Scabies – How to diagnose & Treat



Scabies, a highly contagious skin infestation caused by the Sarcoptes scabiei mite, is a significant global health concern. Its prevalence is particularly high in warm climates and crowded living conditions.

What is Scabies?

Scabies occurs when the Sarcoptes scabiei mite burrows into the skin, triggering an allergic reaction and intense itching.


Direct skin-to-skin contact is the primary mode of transmission, but sharing bedding and clothing can also facilitate the spread.


Primary Cause:

Infestation with the Sarcoptes scabiei mite, which burrows into the skin to lay eggs.

scabies mite - Sarcoptes scabiei - modern HealthMe
Scabies mite – Sarcoptes scabiei
Contributing Factors:
  • Close personal contact with an infected individual.
  • Overcrowded living conditions.
  • Poor hygiene practices.

Scabies Symptoms:

1. Itching (Pruritus):

  • Intense itching, especially at night, is the hallmark symptom of scabies.
  • Itching can occur anywhere on the body but is commonly found in skin folds, between fingers, wrists, elbows, knees, and genitalia.

2. Skin Rash:

  • A red, bumpy rash may develop, often with small, raised, and irregular lines.
  • The rash can appear in various parts of the body, including the hands, wrists, elbows, armpits, waist, buttocks, genitalia, and between the fingers and toes.

3. Lesions and Blisters:

  • Scratching the affected areas can lead to the formation of lesions, blisters, or open sores.
  • Secondary bacterial infections may occur due to scratching, leading to pus-filled blisters or crusted sores.

4. Mite Burrows:

  • In some cases, thin, irregular, thread-like burrows may be visible on the skin surface.
Scabies Burrows in skin by mite
Mite burrows in skin
  • These burrows are created by the female scabies mite as it tunnels under the skin to lay eggs.

5. Inflammation and Irritation:

  • The affected skin may appear inflamed, reddened, or irritated due to scratching and the body’s immune response to the mites and their waste products.

6. Worsening Symptoms at Night:

  • Itching and discomfort often worsen during the night, disrupting sleep and causing significant distress to affected individuals.

7. Spread to Family Members or Close Contacts:

  • Scabies can easily spread to family members, sexual partners, or individuals living in close proximity due to prolonged skin-to-skin contact.

8. Symptoms in Specific Populations:

  • In infants and young children, scabies may manifest as small, pimple-like eruptions on the palms, soles of the feet, and around the face and scalp.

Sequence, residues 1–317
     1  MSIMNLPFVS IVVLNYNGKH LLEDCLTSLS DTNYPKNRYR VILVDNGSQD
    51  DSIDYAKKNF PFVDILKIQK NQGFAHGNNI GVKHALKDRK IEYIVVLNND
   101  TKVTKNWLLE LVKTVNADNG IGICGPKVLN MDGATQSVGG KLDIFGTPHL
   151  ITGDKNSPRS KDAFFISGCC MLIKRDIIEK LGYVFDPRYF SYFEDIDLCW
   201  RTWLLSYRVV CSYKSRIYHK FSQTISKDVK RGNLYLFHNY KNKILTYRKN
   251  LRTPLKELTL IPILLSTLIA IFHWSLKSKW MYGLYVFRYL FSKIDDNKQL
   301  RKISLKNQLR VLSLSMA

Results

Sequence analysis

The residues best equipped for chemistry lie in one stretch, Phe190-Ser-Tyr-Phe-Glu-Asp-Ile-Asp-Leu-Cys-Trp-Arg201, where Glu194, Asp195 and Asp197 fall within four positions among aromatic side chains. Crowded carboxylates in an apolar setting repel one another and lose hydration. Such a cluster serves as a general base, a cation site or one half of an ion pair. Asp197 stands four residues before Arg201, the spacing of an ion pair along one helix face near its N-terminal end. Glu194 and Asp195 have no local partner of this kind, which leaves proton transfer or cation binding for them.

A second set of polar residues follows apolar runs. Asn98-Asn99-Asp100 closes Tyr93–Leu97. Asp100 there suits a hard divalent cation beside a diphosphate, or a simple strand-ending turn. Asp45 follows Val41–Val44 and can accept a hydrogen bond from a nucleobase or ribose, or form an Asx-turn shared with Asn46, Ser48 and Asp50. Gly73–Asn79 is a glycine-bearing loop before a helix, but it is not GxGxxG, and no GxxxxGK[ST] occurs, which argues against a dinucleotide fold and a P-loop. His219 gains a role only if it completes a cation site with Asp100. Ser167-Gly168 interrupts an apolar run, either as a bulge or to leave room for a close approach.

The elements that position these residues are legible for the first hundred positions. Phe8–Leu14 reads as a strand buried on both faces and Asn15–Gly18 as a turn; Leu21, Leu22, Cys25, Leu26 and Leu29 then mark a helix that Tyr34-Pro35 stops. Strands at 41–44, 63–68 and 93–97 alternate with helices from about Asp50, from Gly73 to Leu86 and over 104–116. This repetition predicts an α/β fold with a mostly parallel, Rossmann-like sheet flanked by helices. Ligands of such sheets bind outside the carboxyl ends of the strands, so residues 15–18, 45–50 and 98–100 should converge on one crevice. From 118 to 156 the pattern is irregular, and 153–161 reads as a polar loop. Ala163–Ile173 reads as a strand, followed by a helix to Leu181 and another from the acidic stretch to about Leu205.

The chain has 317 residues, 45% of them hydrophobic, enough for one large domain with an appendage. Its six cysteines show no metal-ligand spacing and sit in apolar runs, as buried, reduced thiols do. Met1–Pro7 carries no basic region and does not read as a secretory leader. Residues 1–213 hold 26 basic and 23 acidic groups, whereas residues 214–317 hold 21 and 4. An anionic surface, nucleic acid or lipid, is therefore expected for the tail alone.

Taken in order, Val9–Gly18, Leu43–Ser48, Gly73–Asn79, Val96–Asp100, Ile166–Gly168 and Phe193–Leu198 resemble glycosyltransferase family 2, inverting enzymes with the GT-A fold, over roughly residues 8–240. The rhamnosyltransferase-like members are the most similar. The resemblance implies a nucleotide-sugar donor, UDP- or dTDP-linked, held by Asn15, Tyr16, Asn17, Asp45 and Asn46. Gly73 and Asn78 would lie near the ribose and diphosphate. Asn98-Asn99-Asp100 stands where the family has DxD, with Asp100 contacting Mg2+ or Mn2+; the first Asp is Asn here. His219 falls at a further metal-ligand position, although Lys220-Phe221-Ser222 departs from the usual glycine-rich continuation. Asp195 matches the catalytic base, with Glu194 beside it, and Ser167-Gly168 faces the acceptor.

• In individuals with weakened immune systems, such as those with HIV/AIDS or undergoing chemotherapy, scabies symptoms may be more severe and persistent.

Scabies Rash


The scabies rash appears as red, pimple-like bumps or blisters, often clustered together and accompanied by severe itching.

Scabies Rash

Types of Scabies:

1. Classic Scabies (Sarcoptes scabiei var. hominis):

  • Classic scabies is the most common form of the infestation caused by the human itch mite, Sarcoptes scabiei var. hominis.
  • It typically manifests with the characteristic symptoms of intense itching, rash, and burrows on the skin.

2. Norwegian Scabies (Crusted Scabies):

  • Norwegian scabies is a severe and highly contagious form of scabies.
  • It is characterized by the presence of thick, crusted, scaly lesions on the skin, which contain a massive number of mites.
  • Individuals with weakened immune systems, such as those with HIV/AIDS or certain neurological conditions, are more prone to developing Norwegian scabies.

3. Nodular Scabies:

  • Nodular scabies is a less common variant characterized by the formation of itchy nodules or papules under the skin.
  • These nodules are often found on the trunk, buttocks, genitalia, and lower limbs.
  • Nodular scabies may occur in individuals with repeated or inadequately treated scabies infestations.

4. Crusted Scabies (Hyperkeratotic Scabies):

  • Crusted scabies, also known as hyperkeratotic scabies, is a subtype of Norwegian scabies.
  • It is characterized by thick, grayish-white, hyperkeratotic crusts covering large areas of the body, including the hands, feet, elbows, and scalp.
  • Crusted scabies is highly contagious and may require aggressive treatment approaches due to the large number of mites present.